Looking at Indonesia’s Opportunities in Implementing the High Level Forum on Multi-Stakeholders Partnership

Looking at Indonesia's Opportunities in Implementing the High Level Forum on Multi-Stakeholders Partnership

Writer :

Christina Vania Winona, S.I.P

Researcher, Head of Secretariat Division, Center for World Trade Studies, Gadjah Mada University.

Illustrator :

Muna Rihadatul Aisi, S.Sos

Researcher, Head of Mediatech Division, Center for World Trade Studies, Gadjah Mada University.

Monday (5/2), Center for World Trade Studies (CWTS) UGM) received a visit from the National Development Planning Agency of the Republic of Indonesia (Bappenas RI). This visit was carried out in the context of deepening world trade issues related to preparations for the implementation of the High Level Forum on Multi-Stakeholders Partnership activities in 2024. Apart from that, this visit also aims to sharpen the technocratic draft of the 2025 - 2029 Medium Term Development Plan (RPJMN) in the Field of Foreign Policy and International Development Cooperation. Dr. Maharani Hapsari, as Executive Secretary together with Siti Daulah Khoriati, MA and Taufik Adiyanto, S.H., LL.M., who are a team of experts from the CWTS UGM warmly welcomed the Bappenas team.

In the discussion session, Dr. Maharani Hapsari said that the concerns of developing countries is the simplification of the workforce which has occurred due to fluctuations after the pandemic and the need for macro trade. Therefore, to develop policies there needs to be an active role from various parties. Another thing that needs to be considered is corporate intervention in regulations and seeing how a country can take taxes for global redistribution so that it can have an impact on the welfare of the workforce at the micro level.

Steps that can be taken in the short term in making regulations and mapping data are that a framework  is needed at the regional level to include regional voices by increasing the capacity of regional governments. Meanwhile, in the long term, upskilling and upgrading of Human Resources (HR) is needed to overcome the problem of low labor competitiveness.

Siti Daulah Khoiriati, MA added that currently the light manufacturing industry has not jumped to a high-value sector, but has returned to being an exporter of raw commodities. Meanwhile, export destination countries want products with high value. The current free trade is also unfair because of reciprocity, high labor wages accompanied by low productivity, and the existence of labor exports. For this reason, it is necessary to design superior commodities that are encouraged by the government. Currently, Indonesia does not have a focus on superior commodities. This also needs to be adjusted to the large number of MSMEs with various sectors that are their focus.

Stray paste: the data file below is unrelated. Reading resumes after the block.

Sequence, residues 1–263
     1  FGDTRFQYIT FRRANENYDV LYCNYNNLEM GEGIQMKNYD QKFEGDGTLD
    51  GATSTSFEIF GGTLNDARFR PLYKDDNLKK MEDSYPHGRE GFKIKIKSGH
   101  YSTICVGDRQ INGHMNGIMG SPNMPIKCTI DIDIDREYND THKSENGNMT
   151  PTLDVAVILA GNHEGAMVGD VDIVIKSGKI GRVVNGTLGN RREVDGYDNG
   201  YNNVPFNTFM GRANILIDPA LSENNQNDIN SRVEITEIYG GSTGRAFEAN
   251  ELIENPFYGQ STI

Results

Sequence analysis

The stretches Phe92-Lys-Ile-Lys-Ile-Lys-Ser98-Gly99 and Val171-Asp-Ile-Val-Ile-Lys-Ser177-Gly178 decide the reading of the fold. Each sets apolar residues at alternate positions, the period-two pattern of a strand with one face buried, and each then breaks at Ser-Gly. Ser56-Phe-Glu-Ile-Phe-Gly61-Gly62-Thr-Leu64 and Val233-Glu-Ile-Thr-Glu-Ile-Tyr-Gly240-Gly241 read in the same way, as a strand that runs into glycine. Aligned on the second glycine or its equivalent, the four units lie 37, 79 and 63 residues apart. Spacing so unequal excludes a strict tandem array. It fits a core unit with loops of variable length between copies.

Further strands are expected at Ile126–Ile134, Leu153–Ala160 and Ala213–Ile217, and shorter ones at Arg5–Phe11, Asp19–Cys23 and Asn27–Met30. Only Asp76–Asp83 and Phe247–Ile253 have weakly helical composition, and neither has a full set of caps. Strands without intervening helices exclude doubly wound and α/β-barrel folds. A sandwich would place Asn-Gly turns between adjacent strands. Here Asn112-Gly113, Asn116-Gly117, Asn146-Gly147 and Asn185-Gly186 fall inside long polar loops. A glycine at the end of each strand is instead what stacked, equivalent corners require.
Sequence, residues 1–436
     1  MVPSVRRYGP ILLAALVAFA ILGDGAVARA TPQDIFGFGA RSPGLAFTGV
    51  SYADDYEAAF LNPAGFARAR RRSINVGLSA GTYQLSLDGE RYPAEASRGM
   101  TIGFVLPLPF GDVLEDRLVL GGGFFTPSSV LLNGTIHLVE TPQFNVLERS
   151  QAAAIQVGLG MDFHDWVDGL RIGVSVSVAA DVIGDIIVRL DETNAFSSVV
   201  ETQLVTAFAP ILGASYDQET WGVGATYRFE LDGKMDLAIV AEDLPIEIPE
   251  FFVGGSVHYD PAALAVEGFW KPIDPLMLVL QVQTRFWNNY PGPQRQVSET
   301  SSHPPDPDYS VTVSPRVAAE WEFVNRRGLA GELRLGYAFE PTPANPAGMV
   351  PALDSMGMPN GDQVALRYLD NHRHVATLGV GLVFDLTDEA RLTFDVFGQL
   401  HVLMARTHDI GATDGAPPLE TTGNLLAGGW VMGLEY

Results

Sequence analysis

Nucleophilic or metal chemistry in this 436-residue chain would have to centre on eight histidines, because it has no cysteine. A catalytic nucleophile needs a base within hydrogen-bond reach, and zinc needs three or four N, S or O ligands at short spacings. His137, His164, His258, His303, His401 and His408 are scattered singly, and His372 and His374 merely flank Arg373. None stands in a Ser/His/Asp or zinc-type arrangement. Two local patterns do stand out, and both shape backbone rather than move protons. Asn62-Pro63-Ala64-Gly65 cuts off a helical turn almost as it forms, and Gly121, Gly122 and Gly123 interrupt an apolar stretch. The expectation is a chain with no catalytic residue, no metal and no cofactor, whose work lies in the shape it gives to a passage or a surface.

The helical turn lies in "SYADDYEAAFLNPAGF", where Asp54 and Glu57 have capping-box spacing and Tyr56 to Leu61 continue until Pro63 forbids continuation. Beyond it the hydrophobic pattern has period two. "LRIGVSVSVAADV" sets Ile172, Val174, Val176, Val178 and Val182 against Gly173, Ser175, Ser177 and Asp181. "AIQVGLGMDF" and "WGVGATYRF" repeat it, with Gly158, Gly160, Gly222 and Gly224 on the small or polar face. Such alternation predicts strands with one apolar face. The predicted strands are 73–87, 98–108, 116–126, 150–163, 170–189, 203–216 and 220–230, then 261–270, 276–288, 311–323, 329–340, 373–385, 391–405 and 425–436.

The presentation was continued by Taufik Adiyanto, S.H., LL.M., who said that the issue of national security is still a consideration in world trade. There is a need to promote inclusive globalization from the WTO in order to return to multilateralism. Apart from that, there are several problems that arise, such as Indonesia needing to carry out pre-shipment inspections so that there is an increase in costs, the issue of Domestic Component Level (TKDN) and standardization, the lack of legal certainty in trade and sustainability which was discussed at the G20, the TRIPS Waiver which should not be rigid for developing countries, and the need for fisheries subsidies.

The discussion closed with a response from Bappenas that it was necessary to boost the quality of education to overcome the human resource gap that occurred because there was no alignment of authority between the central government and regional governments. For example, mapping labor resources is the authority of regional governments, whereas the central government only has this data from ministries .Meanwhile, the mapping of labor resources lies with the regional government. The central government only has data from ministries. Therefore, it is necessary to map regional resource centers in any field, which of course needs to be supported through data integration from various ministries in Indonesia.

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